Apple's Steve Jobs Remembered As A 'Visionary'

Apple co-founder Steve Jobs died Wednesday at the age of 56. He was diagnosed with pancreatic cancer seven years ago. President Obama said "the world has lost a visionary." Business leaders around the world — including Apple's biggest rivals — are also paying tribute.

RENEE MONTAGNE, HOST:

NPR's business news starts with the big loss for the tech world.

(SOUNDBITE OF MUSIC)

MONTAGNE: Steve Jobs died yesterday. The co-founder of Apple was diagnosed with pancreatic cancer seven years ago. From the time a young Steve Jobs introduced the Apple I, his products changed consumer behavior.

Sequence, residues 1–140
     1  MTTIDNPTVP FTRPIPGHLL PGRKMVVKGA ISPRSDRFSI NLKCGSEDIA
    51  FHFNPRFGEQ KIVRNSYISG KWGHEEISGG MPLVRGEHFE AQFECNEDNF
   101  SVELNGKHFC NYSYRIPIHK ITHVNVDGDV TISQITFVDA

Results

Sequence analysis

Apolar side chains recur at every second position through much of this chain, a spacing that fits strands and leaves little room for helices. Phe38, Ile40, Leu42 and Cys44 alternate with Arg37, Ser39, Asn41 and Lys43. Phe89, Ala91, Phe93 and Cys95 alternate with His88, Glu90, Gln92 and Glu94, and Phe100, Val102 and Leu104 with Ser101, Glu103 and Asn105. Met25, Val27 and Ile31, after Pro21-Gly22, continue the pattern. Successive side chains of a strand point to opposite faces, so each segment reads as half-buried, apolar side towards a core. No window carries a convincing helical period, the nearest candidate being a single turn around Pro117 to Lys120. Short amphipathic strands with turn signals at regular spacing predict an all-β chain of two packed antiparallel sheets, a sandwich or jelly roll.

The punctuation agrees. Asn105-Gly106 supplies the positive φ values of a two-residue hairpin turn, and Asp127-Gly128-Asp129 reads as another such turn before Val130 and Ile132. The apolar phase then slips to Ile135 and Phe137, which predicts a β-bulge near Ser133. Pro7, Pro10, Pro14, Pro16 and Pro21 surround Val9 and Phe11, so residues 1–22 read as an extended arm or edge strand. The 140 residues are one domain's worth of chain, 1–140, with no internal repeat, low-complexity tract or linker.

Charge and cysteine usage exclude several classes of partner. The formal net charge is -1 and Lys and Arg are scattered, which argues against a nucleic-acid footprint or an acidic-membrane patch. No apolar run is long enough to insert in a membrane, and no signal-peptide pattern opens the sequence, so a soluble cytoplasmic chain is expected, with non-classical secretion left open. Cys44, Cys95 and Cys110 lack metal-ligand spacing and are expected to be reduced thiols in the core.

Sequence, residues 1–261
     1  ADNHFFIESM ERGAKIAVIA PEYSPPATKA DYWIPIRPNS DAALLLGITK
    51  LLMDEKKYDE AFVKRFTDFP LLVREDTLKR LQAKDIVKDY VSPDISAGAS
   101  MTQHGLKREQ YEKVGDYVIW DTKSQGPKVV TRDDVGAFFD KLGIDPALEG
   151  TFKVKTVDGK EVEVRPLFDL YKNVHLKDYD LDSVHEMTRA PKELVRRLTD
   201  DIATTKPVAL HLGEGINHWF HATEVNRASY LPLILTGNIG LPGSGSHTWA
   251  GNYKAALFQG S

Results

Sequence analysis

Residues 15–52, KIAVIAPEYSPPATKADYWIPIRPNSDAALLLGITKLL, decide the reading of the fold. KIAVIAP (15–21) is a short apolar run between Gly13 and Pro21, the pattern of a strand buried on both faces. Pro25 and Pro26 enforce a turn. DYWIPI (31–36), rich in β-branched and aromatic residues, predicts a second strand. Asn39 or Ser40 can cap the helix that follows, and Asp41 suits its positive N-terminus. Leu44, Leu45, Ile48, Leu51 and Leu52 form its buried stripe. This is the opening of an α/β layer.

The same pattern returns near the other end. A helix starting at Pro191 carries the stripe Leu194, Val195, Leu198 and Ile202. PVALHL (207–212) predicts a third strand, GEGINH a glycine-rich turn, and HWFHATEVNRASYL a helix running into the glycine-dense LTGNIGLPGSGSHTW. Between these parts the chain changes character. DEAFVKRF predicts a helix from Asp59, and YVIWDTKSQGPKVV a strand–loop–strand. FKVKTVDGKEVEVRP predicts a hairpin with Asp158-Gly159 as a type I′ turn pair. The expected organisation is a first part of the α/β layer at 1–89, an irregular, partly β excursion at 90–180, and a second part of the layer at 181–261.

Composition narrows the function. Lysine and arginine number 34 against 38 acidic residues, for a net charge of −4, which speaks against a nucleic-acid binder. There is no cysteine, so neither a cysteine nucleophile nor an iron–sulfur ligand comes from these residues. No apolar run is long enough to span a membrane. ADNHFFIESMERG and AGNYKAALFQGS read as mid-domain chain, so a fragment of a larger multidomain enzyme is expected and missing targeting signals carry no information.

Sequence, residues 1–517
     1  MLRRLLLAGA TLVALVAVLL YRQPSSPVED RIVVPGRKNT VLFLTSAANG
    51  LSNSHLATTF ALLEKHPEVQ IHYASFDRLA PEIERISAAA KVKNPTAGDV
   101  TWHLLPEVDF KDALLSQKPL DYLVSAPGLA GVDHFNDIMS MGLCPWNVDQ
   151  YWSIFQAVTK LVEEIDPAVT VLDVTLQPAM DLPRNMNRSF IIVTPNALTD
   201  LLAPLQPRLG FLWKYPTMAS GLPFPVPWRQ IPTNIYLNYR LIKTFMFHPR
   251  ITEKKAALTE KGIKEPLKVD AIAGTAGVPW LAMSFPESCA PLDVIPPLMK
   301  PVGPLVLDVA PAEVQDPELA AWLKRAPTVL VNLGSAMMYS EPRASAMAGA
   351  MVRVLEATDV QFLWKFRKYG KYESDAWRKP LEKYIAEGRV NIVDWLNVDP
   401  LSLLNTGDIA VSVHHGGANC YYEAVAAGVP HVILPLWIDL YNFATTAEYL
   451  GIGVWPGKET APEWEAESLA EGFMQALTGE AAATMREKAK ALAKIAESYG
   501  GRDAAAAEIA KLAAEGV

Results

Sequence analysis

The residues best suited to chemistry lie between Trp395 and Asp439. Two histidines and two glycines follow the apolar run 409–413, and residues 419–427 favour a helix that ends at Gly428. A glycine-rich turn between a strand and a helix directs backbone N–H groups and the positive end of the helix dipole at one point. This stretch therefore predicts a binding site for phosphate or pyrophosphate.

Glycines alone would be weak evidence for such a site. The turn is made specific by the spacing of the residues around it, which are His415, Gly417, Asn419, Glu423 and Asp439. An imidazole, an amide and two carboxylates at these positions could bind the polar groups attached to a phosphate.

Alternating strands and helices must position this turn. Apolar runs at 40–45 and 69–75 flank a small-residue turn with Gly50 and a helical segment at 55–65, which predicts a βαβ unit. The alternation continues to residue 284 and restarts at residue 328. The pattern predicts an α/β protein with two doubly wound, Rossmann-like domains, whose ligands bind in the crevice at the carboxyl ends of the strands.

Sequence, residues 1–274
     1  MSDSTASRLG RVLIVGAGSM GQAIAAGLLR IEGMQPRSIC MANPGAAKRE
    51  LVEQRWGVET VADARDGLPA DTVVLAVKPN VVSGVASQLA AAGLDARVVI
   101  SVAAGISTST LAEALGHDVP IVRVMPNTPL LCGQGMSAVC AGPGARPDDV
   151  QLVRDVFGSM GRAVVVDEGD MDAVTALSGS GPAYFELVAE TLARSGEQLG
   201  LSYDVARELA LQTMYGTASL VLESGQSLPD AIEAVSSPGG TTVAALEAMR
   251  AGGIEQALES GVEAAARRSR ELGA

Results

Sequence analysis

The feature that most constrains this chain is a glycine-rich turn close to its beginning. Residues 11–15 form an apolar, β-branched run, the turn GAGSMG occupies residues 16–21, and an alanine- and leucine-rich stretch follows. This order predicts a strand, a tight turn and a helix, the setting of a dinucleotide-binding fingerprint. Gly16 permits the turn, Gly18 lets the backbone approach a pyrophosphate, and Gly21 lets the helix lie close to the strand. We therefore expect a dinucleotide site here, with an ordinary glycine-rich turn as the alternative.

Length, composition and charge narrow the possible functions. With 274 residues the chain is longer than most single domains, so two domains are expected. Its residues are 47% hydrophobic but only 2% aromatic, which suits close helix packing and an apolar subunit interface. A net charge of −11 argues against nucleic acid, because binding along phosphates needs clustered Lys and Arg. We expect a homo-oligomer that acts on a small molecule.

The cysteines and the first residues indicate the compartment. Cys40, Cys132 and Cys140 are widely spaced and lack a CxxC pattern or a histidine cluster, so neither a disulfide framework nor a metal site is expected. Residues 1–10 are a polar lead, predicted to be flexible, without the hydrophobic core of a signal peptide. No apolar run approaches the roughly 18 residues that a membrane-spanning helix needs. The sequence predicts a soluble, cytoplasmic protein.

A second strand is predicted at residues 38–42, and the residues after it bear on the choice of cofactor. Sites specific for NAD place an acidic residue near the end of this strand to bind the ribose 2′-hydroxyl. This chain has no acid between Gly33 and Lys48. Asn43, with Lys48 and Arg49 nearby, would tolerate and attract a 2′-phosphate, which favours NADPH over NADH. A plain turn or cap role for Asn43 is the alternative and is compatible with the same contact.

President Obama said the world has lost a visionary. Business leaders around the world, including Apple's biggest rivals, are also paying tribute. The CEO of Nokia, once the world's number one mobile phone maker until it was overtaken by Apple, tweeted: Steve's passion for simplicity and elegance leaves a legacy that will endure. And Samsung, the Korean electronics company that is waging a patent war with Apple, today called Steve Jobs an innovative spirit who will be remembered forever.

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